Significant barriers to diagnosis and management of adrenal insufficiency in Africa

in Endocrine Connections

Correspondence should be addressed to T R P Mofokeng: mofokengtrp@ufs.ac.za

Background

The burden and management of primary adrenal insufficiency (PAI) in Africa have not been well documented. We aimed to identify specific disease characteristics, patient demographics, and patterns of clinical management in established PAI in Africa.

Methods

An online survey of physicians’ experience relating to PAI.

Results

There were 1334 responses received, 589 were complete, and 332 respondents reported managing patients with hypoadrenalism. The described responses were related to a calculated pool of 5787 patients with hypoadrenalism (2746 females, 3041 males), of whom 2302 had PAI. The likely causes of PAI in Sub-Saharan Africa (SSA) vs the Middle East and North Africa (MENA) regions included autoimmune disease (20% vs 60.3%; P < 0.001), tuberculosis (34% vs 4.1%; P < 0.001), AIDS (29.8% vs 1%; P < 0.001), malignancy, and genetic conditions. Sixteen percent of AD patients (376/2302) presented in an adrenal crisis. Medical emergency identification was not used by 1233 (83.6%) SSA vs 330 (40.4%) MENA patients (P < 0.001), respectively. Relative non-availability of diagnostic tests across both regions included adrenal antibodies 63% vs 69.6% (P = 0.328), s-cortisol 49.4 % vs 26.7% (P = 0.004), s-ACTH 55.7% vs 53.3% (P = 0.217), and adrenal CT scans 52.4% vs 31.8% (P = 0.017) in the SSA and MENA region, respectively. Across the entire cohort, the overall hydrocortisone use and extrapolated proportion of synacthen use were 59.4% and 50.7%, respectively.

Conclusions

Through the perception and practice of healthcare professionals, we identified significant challenges in the diagnosis and management of PAI which may herald high mortality. Differences between regions may reflect the allocation of healthcare resources.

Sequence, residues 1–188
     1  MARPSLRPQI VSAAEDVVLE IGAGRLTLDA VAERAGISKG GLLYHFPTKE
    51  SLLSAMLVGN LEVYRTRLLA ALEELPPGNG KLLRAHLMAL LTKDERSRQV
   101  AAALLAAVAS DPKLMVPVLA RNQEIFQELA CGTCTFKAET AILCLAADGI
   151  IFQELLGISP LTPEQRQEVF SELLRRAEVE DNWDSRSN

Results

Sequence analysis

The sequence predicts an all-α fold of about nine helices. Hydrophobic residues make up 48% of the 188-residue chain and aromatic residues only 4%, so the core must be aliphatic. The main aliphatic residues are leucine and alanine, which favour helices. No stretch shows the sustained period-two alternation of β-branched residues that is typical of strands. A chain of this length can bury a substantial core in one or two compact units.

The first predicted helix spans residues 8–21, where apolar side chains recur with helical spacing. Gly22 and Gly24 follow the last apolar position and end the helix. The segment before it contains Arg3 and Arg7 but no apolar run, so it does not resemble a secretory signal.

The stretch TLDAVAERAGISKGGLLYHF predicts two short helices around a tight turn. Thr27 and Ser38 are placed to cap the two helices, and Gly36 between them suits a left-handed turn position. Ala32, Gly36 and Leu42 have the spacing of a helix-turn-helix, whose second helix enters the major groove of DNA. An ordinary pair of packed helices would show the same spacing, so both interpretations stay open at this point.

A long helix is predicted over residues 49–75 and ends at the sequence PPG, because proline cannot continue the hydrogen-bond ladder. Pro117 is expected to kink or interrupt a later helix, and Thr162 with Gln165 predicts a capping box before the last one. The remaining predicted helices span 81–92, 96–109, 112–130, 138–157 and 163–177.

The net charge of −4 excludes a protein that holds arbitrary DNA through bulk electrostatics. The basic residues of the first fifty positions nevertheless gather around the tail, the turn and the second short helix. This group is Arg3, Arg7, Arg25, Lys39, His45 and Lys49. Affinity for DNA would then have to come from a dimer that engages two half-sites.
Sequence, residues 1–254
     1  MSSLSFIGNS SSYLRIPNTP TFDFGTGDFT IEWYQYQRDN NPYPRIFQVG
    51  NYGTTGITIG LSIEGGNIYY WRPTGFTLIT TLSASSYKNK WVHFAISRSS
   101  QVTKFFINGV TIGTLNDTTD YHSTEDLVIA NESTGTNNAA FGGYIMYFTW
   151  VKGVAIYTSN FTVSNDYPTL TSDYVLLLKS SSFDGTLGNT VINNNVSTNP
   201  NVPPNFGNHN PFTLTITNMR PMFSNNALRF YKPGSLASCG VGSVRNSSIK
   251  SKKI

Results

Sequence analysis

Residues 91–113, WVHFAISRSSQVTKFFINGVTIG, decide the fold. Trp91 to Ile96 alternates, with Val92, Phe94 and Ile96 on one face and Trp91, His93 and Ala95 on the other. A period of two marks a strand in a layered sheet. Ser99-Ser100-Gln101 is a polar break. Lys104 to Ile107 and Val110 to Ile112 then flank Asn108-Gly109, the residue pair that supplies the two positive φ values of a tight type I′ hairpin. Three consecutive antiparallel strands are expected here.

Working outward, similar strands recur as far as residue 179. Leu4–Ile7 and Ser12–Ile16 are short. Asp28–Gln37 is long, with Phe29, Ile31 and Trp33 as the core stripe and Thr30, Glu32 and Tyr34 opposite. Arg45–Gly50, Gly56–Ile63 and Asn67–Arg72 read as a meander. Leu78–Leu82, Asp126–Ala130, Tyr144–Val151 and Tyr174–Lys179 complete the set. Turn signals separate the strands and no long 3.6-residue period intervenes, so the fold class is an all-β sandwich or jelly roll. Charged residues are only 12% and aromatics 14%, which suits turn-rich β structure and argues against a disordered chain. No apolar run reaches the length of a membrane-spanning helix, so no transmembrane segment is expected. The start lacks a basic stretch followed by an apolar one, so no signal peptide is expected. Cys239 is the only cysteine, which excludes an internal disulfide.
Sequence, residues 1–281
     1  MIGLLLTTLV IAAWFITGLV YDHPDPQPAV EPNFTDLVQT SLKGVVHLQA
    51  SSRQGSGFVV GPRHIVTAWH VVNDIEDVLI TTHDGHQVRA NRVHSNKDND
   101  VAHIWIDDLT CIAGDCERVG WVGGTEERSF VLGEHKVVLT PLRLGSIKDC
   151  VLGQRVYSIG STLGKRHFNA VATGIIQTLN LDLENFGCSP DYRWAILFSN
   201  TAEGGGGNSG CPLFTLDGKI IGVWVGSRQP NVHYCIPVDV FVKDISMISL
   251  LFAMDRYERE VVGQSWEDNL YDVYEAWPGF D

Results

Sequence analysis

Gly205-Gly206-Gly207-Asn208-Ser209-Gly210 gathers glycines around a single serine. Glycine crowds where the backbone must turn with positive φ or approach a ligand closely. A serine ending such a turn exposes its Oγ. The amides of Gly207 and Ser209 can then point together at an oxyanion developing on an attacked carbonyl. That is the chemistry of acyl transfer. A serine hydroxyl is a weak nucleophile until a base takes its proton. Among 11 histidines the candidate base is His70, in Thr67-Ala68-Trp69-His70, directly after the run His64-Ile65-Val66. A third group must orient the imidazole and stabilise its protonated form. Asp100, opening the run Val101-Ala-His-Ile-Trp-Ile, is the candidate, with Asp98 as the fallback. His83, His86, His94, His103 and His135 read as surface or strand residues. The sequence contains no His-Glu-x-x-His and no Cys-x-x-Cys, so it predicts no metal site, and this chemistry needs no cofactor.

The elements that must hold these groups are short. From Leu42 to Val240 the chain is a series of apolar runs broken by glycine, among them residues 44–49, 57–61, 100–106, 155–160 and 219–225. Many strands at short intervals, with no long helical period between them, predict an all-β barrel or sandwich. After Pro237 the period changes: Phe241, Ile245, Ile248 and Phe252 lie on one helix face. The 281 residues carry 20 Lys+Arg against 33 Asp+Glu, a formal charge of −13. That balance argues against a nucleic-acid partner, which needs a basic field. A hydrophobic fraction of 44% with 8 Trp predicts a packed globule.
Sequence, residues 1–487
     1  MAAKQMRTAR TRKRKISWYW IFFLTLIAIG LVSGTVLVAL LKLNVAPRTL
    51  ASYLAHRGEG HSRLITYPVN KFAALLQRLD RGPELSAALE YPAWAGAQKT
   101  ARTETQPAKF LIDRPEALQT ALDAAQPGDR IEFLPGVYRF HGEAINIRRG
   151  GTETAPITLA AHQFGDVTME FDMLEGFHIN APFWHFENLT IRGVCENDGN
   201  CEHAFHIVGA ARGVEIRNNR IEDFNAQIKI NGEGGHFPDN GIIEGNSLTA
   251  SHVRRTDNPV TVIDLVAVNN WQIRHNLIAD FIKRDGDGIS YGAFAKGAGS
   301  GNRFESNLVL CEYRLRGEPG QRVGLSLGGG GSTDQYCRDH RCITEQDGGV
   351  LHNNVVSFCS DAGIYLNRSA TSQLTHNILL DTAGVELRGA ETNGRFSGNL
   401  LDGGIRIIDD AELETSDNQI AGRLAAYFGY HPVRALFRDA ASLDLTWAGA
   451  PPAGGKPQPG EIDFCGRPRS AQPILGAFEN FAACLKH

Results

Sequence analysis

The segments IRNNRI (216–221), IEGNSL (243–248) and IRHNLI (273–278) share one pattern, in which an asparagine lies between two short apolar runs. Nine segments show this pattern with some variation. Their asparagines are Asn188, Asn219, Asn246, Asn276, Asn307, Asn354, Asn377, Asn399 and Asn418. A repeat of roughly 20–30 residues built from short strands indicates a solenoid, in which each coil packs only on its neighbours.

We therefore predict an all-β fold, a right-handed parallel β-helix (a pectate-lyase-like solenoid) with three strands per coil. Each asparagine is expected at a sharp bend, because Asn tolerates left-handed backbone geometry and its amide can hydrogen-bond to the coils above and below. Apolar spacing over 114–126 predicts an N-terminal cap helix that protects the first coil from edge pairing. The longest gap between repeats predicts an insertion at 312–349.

Abstract

Background

The burden and management of primary adrenal insufficiency (PAI) in Africa have not been well documented. We aimed to identify specific disease characteristics, patient demographics, and patterns of clinical management in established PAI in Africa.

Methods

An online survey of physicians’ experience relating to PAI.

Results

There were 1334 responses received, 589 were complete, and 332 respondents reported managing patients with hypoadrenalism. The described responses were related to a calculated pool of 5787 patients with hypoadrenalism (2746 females, 3041 males), of whom 2302 had PAI. The likely causes of PAI in Sub-Saharan Africa (SSA) vs the Middle East and North Africa (MENA) regions included autoimmune disease (20% vs 60.3%; P < 0.001), tuberculosis (34% vs 4.1%; P < 0.001), AIDS (29.8% vs 1%; P < 0.001), malignancy, and genetic conditions. Sixteen percent of AD patients (376/2302) presented in an adrenal crisis. Medical emergency identification was not used by 1233 (83.6%) SSA vs 330 (40.4%) MENA patients (P < 0.001), respectively. Relative non-availability of diagnostic tests across both regions included adrenal antibodies 63% vs 69.6% (P = 0.328), s-cortisol 49.4 % vs 26.7% (P = 0.004), s-ACTH 55.7% vs 53.3% (P = 0.217), and adrenal CT scans 52.4% vs 31.8% (P = 0.017) in the SSA and MENA region, respectively. Across the entire cohort, the overall hydrocortisone use and extrapolated proportion of synacthen use were 59.4% and 50.7%, respectively.

Conclusions

Through the perception and practice of healthcare professionals, we identified significant challenges in the diagnosis and management of PAI which may herald high mortality. Differences between regions may reflect the allocation of healthcare resources.

Introduction

Primary adrenal insufficiency (PAI) is a rare, potentially fatal, but treatable disease (1, 2). The estimated prevalence of PAI in South Africa is three per million (3), in contrast to Western countries in which prevalence estimates vary from 30 per million to 221 per million (4, 5). In contrast, the prevalence of PAI in most of Sub-Saharan Africa (SSA) and the Middle East and North African (MENA) countries is largely unknown.

In Western countries, most cases of PAI are caused by autoimmune destruction of the adrenal cortex (6), followed by malignancy, tuberculosis (TB), human immunodeficiency virus (HIV), and genetic causes such as adrenoleukodystrophy (ALD) (6, 7). Prevalence data on PAI in SSA have been inferred from case reports and small studies examining adrenal insufficiency in TB patients (8). There is an expectation that the aetiology of PAI in SSA is considerably influenced by the heavy burden of HIV (9) and TB (10, 11, 12) in SSA, but this has never been confirmed. In contrast, since the burden of HIV and TB in the MENA region and Europe are low (13, 14), PAI attributable to these conditions is likely to be low.